Obviously, given the ample evidence that TSR is the best metric I can find in the data available to me in terms of predicting future performance (link 1, link 2) it makes sense to try and improve upon that metric. This is the first attempt to do so and I can think of a couple of tweaks in the future that may help out too.

Something that’s mentioned often in sports is the Pythagorean. It was initially made popular in baseball and is something I’ve actually considered myself for football. Though it performed admirably it wasn’t quite as good as using a simple ratio of shots (link).

For football, in terms of shots, the formula of the Pythagorean is as follows:

TSRx = (Total shots for)^{x}/(Total shots for + total shots against)^{x}

In the earlier, previously linked, study I was only using a Pythagorean exponent (x) of two and the sample consisted of the top four English leagues. This time I’m going to focus on the records of Premiership teams and vary the exponent to see what happens to the correlation between TSRx in year 1 and TSRx in year 2.

The plot reaches a maximum where the exponent is, you guessed it, 2.4. This means that using TSR2.4 is the most repeatable value, year-to-year of any of the metrics I’ve so far proposed.

One way to show this is graphically. Below I’ve plotted the standard deviation for goals ratio, shots on target ratio, TSR, and TSR2.4 on a season by season basis for the 17 teams that avoid relegation from the Premiership in year ‘1’ (eg, 2000-01) and the corresponding values for each of these metrics in year ‘2’ (eg, 2001-02).

Season ’12’ doesn’t represent a season of games, but is the standard deviation of all 187 data points that went into the plot.

The improvement over the 187 sample isn’t enormous, TSR2.4 shows ~2% less regression than TSR. However it is better and a lot of small steps are still a plausible way to make this metric more powerful.

I actually think this plot provides further evidence that TSR is simply the best season-to-season predictor in terms of a metric that is repeatable.

Let’s tie this in to the plot I showed last week (link), which demonstrated that, at least early in the season, TSR was the best metric we had to predict performance over the remainder of the season. Does TSR2.4 provide an improvement over TSR?

Again the improvement isn’t enormous but it’s marked and observable. It’s value is most visible over the first four to six games.

So one last thing I want to show is how well these metrics in year ‘1’ translate into points in year ‘2’. Ultimately that isn’t my aim in this exercise but I’m very well aware that for many of the people reading this points are all that matter. As such, the plot below follows the same idea as the second figure above, but in this case the standard deviation is between the points that these metrics would expect a team to score in year ‘2’ and the amount the team actually does score.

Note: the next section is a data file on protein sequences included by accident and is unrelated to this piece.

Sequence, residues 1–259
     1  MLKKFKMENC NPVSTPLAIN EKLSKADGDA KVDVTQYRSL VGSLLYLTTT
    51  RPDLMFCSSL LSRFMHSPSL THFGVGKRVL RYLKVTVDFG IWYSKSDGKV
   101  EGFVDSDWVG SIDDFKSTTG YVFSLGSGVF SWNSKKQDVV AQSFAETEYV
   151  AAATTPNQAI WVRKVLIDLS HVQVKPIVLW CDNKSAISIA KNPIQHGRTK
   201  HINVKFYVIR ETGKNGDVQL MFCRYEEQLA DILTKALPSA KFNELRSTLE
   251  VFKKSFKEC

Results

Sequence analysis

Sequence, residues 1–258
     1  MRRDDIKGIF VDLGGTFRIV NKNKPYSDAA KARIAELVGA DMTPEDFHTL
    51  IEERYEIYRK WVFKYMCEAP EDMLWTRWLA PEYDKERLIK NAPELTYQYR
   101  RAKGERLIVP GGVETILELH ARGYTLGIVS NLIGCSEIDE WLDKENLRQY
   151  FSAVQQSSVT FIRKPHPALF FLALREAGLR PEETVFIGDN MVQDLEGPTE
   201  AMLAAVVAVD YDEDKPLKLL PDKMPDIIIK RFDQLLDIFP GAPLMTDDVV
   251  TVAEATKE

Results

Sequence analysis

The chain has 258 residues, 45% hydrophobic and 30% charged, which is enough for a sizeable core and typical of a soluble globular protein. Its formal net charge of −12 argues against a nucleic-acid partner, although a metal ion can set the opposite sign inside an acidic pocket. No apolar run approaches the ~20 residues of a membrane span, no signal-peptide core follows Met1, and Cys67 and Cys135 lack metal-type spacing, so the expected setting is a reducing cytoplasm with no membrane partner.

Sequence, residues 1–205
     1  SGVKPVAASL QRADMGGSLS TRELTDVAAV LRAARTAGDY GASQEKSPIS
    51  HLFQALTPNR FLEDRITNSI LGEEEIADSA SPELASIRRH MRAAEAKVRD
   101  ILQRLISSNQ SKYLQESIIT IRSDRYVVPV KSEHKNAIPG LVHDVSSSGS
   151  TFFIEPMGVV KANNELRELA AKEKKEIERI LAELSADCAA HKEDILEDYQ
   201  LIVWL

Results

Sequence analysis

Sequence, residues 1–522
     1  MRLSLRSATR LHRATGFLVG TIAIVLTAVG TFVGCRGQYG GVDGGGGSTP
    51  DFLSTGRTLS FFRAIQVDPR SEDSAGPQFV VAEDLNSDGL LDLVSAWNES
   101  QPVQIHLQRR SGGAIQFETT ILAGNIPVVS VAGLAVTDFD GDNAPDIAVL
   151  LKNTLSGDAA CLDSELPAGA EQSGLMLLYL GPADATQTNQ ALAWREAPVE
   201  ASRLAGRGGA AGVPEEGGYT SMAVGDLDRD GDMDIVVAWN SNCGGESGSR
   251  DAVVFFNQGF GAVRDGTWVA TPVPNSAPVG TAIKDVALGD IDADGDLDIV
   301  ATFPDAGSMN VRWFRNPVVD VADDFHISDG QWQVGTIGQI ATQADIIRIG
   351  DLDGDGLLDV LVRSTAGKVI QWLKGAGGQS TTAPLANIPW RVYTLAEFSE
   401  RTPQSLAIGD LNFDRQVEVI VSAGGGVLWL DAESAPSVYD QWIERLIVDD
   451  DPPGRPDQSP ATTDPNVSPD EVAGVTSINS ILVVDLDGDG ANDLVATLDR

As before, season ’12’ doesn’t represent one season, but the standard deviation of all of the data points for a given metric.

In this case goals rule the day, and I’m beginning to wonder whether a seasons worth of goals, a total of ~100 in each team’s matches, is actually a big enough sample to allow us to judge a teams season more heavily on those.

We see the head start that the shot metrics have over goals at the beginning of the season when their sample size is in the low hundreds, but this advantage subsequently fades as the season goes on and the sample size of goals increases. I think it’s an avenue that at least deserves some more consideration.

Anyway, there you have it, TSR2.4. For now it sits as the gold standard for in-season measures but am I going to be using it in everyday predictions? Probably not – I think the added complication of understanding the Pythagorean makes it a little less accessible for others, and that the small improvement in predictive ability doesn’t compensate for that. Yet. A couple more small steps and I think we’ll be on to something that is worth using on a more regular basis.

P.S. You may well have read already but myself and Richard Whittall have begun the Soccer Analytics Forum. We’re hoping to gather together as much of the community in a place that has room for more coherent discussion than we see on twitter but is less formal than blogging. I’d encourage anyone interested in the stuff I write to sign up and share their idea’s. And as always, feedback and suggestions as to what we can do to improve the forum are more than welcome. James

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